Books, Books and more Books
I have always loved books; from the dust jackets and canvas-covered boards of hard-covers, to the french-folds of trade paperbacks, from the texture and grain of the pages, deckle-edged or smooth-trimmed, to the layout and typography. I love the inky, gluey smell of new books and the tangy musty scent of old ones. I relish the cracking sound the spines make when you open them. And that’s just the physical aspect. I love the unique universe each book represents, the heart and mind and spirit conveyed through language. It feels simplistic, verging on cliché, to say that my love for books and reading led me to becoming a writer, yet that’s how it is. Though I’ve had setbacks in the publishing arena, I habitually return to this deep appreciation of books. And remember why I’m in the game.
But, recently, I was bequeathed approximately four thousand books, and my love was severely tested. Like many New Yorkers, I own more books than I have space for. They overflow the shelves to inhabit every surface, including the floor. But they number only a small fraction of what I inherited–four thousand books, contained in four book-filled rooms. The only rooms that held no books in that apartment were the bathrooms. Yes, two bathrooms, rent-controlled, in Manhattan.
There is no way around the work of clearing after someone dies. The living must do it. The work must be done. But at first I couldn’t touch the books. They had meant so much to me over so many years—evidence of a deep, intuitive, alignment I’d formed with a complex, gifted woman. She had always thrust books on me. As a teenager and into my twenties, much of what I read was at her behest. We had long discussions, she and I, of writing and writers and literature, of sentences and paragraphs and poetry. You’ll get the books when I’m gone, she used to say, which made me covet them and feel ashamed.
Now they were mine. She was gone, and her books seemed dead, too. Inert, neglected, gathering dust, all the life inside those pages, all the drama and humanity, had become quiescent. The sad and bitter irony is that she had lost the capacity to read. Suffering from dementia, she had devolved, year by year, month by month, from comprehending the philosophy of Wittgenstein to barely grasping the plots of James Patterson, to being unable to recognize written words at all. I can still see her sitting in a chair in front of her bookshelves, mute and bewildered, only the pining in her eyes revealing an awareness of what she had become.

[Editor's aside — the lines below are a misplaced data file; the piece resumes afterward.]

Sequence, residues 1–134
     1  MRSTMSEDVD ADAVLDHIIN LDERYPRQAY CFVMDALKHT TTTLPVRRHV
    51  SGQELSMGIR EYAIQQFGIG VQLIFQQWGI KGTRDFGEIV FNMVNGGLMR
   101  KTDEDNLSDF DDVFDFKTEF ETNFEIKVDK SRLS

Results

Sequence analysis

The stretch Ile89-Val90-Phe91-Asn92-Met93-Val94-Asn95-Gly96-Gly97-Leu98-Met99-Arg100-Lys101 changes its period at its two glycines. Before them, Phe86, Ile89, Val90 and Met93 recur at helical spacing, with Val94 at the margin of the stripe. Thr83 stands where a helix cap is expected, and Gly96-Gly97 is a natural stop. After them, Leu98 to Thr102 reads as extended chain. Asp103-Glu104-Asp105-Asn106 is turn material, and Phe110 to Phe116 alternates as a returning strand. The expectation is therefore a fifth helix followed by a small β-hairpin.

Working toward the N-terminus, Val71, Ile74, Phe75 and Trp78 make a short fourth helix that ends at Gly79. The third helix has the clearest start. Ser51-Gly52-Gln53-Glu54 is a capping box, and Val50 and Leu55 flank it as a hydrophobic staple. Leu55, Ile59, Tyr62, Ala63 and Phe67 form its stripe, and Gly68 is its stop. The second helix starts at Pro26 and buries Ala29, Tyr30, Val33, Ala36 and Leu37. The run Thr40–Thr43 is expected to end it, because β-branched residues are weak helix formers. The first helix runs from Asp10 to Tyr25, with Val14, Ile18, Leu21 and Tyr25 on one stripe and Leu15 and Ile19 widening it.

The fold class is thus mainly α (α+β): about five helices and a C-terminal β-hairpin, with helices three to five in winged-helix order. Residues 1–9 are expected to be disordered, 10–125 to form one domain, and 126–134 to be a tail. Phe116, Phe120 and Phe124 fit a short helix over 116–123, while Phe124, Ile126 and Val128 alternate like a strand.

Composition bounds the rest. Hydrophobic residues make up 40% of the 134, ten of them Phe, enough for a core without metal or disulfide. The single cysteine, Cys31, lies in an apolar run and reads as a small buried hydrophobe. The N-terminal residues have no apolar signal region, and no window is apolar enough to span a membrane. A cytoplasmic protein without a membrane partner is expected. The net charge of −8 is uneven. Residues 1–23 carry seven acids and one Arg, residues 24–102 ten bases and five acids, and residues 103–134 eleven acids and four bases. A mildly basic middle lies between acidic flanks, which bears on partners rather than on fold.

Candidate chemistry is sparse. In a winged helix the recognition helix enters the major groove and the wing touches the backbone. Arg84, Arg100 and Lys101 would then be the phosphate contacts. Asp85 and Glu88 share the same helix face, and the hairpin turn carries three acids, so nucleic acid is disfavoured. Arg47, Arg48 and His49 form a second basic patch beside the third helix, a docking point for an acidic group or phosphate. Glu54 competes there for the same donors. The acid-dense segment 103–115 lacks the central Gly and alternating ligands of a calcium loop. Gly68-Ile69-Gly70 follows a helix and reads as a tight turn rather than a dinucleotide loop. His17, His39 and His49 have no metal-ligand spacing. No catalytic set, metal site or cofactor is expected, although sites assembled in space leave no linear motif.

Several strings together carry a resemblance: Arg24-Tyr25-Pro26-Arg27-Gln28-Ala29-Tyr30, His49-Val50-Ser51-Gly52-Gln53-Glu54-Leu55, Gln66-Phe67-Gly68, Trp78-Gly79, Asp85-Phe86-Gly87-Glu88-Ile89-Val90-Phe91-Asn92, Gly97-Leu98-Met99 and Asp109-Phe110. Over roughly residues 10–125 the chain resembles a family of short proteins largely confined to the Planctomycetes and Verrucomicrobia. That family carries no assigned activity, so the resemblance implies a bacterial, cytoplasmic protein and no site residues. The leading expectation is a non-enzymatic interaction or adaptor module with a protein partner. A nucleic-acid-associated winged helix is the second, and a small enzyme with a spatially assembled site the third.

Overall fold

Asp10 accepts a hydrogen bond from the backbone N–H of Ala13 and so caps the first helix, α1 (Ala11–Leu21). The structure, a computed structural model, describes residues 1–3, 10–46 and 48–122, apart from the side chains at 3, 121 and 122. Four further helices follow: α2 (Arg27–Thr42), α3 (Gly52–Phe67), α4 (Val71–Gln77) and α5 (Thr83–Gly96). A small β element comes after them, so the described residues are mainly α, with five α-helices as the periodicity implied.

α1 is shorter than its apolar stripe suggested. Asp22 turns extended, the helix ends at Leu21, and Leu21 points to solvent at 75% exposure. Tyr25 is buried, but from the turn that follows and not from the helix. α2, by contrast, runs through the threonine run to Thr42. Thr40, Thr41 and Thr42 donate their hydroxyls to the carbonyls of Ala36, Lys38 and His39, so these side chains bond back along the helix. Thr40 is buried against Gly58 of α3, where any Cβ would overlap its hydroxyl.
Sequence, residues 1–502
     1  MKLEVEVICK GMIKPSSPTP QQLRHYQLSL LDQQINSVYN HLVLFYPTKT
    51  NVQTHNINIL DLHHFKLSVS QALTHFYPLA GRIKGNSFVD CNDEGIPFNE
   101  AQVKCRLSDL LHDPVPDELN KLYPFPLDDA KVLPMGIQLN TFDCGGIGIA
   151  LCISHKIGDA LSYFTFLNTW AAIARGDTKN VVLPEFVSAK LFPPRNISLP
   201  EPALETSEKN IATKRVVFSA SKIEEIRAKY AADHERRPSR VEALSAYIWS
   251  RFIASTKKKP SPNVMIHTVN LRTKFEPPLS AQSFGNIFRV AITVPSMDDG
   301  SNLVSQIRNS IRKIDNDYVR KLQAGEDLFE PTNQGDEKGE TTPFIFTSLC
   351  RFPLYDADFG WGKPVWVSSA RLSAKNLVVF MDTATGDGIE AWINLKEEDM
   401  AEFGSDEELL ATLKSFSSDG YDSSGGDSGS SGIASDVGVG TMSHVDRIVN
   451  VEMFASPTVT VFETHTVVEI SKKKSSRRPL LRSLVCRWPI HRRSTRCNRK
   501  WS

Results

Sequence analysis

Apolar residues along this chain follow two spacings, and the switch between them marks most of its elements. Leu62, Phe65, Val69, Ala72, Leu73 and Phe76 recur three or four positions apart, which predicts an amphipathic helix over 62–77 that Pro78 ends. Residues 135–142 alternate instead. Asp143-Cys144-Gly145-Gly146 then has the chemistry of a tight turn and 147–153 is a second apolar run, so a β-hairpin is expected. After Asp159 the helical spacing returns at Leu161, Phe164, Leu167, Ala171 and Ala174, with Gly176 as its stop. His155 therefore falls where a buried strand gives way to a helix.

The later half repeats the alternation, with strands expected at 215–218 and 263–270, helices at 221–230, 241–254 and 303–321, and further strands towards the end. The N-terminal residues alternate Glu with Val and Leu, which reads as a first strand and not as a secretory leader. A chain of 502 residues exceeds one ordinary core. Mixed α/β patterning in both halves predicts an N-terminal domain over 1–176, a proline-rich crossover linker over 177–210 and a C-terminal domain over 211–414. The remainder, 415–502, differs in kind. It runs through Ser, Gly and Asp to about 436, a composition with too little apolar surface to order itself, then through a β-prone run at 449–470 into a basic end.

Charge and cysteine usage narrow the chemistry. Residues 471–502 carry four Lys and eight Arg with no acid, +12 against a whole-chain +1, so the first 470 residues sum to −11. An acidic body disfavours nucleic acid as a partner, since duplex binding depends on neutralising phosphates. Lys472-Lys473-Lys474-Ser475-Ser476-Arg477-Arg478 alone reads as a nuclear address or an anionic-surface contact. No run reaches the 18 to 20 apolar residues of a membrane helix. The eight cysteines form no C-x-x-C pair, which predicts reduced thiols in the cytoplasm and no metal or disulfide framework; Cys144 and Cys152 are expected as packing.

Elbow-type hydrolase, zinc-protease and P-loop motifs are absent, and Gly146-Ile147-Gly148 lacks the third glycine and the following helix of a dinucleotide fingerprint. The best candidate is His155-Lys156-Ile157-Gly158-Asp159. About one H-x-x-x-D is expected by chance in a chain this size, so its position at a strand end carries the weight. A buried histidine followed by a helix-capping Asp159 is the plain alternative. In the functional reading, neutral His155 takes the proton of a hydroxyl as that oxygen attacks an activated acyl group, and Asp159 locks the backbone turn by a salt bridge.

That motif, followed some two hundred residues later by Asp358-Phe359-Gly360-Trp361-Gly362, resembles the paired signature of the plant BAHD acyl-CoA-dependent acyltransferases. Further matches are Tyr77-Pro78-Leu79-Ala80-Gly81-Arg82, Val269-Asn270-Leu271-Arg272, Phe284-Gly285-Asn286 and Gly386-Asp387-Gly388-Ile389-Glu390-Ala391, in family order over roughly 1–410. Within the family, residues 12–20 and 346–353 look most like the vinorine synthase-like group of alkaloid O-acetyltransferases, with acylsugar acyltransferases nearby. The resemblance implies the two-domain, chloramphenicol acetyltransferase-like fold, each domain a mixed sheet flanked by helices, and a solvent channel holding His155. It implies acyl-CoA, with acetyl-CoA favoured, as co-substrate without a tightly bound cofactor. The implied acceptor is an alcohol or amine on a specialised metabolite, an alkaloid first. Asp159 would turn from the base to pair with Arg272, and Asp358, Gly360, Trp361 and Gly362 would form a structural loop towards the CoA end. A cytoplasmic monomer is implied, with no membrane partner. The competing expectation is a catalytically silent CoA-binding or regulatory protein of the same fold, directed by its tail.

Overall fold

After she died, the books came alive. They clamored at me, demanding to be read. But their overwhelming number exposed my own mortality. Even if I’d quit my job and done nothing but read and read and read, there were not enough years. How finite I am and how infinite in number these books appeared to be.
They haunted me. Night after night, I was screamed at, berated and cast out. I was trapped in fires, fleeing floods, serious nightmares. Woken by the sound of my own wailing, muscles coiled, throat and jaw aching, I would lie awake, drenched in sweat and shivering. The books, the books, the books! What will I do with all the books?
As I began the seemingly insurmountable task of sorting through them, I was beset by questions about the books. Why did she possess three 30-volume sets of encyclopedias, from 1910, 1954 and 1987, respectively? Was David Hume’s History of England relevant today? Had she purchased the 15-volume set of the complete works of Balzac with the pages still uncut intending to read them? Had she actually read Frances Parkman’s works in twelve volumes? Could the Oxford English Dictionary, both the compact version with magnifying glass and the enormous 20-volume set with supplement and bibliography still be valuable when the electronic version exists? Why was Volume Seven missing from the gilt-edged, 10-volume, first-edition set of the Collected Works of Henrik Ibsen? The questions continue to plague me.